Glacier FarmMedia COVID-19 & the Farm

Wet spring hampers Prairie fertilizer timetable

(Manitoba Co-operator file photo by Laura Rance)

CNS Canada — This week’s dump of snow in eastern Saskatchewan and western Manitoba will likely push back fieldwork and fertilizer applications on a lot of farms, according to one crop watcher.

Keystone Agricultural Producers president Dan Mazier, speaking from a conference in the U.S., said only about 50 per cent of the normal amount of fertilizer went on Manitoba fields last fall due to the late harvest.

While many were likely hoping for a dry March to help them get onto fields sooner, that likely won’t be happening.

“All that pre-melting we had during February is all gone now,” said Mazier. “We’re back to where we started.”

There is a lot of crop to get off first also, he noted, so producers will be scrambling when the ground is dry enough to get on.

“In hindsight it may not be a bad thing that the fertilizer didn’t go on, as there will be runoff with the wet spring,” he said.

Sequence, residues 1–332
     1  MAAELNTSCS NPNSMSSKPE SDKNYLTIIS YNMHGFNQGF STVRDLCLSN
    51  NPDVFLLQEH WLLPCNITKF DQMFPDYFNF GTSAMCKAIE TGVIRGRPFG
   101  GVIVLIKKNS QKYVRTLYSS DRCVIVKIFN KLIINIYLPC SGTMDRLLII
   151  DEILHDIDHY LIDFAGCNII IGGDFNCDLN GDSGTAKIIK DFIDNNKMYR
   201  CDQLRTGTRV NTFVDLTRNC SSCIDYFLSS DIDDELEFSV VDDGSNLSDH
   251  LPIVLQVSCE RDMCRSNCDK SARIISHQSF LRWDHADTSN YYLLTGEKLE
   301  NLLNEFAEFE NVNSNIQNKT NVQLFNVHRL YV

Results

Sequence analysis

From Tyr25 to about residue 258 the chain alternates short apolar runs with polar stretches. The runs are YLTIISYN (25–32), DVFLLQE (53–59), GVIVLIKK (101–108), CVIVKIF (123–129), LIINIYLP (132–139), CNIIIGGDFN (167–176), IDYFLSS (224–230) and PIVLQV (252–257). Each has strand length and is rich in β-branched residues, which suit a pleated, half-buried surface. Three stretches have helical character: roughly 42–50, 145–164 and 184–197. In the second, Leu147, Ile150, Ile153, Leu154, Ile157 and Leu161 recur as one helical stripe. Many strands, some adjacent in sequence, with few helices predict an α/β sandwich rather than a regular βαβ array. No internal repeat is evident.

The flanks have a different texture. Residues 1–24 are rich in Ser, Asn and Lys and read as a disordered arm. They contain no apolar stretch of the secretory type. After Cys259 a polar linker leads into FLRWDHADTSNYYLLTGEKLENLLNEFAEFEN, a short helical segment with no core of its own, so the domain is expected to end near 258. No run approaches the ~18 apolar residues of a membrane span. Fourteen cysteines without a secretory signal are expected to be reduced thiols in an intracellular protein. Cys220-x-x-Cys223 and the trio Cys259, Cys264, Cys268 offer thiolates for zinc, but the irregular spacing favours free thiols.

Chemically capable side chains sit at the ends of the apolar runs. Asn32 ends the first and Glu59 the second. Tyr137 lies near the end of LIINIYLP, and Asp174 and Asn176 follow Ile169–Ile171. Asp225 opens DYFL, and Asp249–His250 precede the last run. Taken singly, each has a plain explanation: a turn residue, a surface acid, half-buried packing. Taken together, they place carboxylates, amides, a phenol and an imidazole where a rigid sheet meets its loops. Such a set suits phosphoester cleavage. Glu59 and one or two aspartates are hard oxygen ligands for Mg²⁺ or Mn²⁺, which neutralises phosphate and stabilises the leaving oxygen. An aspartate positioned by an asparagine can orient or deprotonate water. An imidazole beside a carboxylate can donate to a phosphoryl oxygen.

The story is a different one in Alberta, where much of the southern part of the province is considerably drier.

“I guess one of the big things to look for is how dry the crop is left out in the field,” said Lynn Jacobson, president of the Alberta Federation of Agriculture.

Speaking from his farm southeast of Calgary, he said some producers are optimistic they’ll be able to start laying down fertilizer next month.

“People will probably be out by the 10th of April working things. Still, you can’t say for sure,” he said.

The price of nitrogen fertilizer has increased slightly since the fall, he said, but many farmers he knows pre-purchased their supplies.

“Probably the large majority of people have pre-bought three-quarters of their usage,” he said.

That approach was taken by a lot of farmers in Manitoba too, according to Mazier.

“Guys have it priced and bought up, but the logistics of getting it onto the ground is the bigger challenge,” he said, adding prices have gone up roughly C$20 a tonne since the fall.

Some producers will likely be buying right now, he added, as not everyone can hang onto fertilizer through the winter.

“You might have got a good deal on the fall but if you can’t get on the land, then you have to store it.”

— Dave Sims writes for Commodity News Service Canada, a Winnipeg company specializing in grain and commodity market reporting. Follow CNS Canada at @CNSCanada on Twitter.

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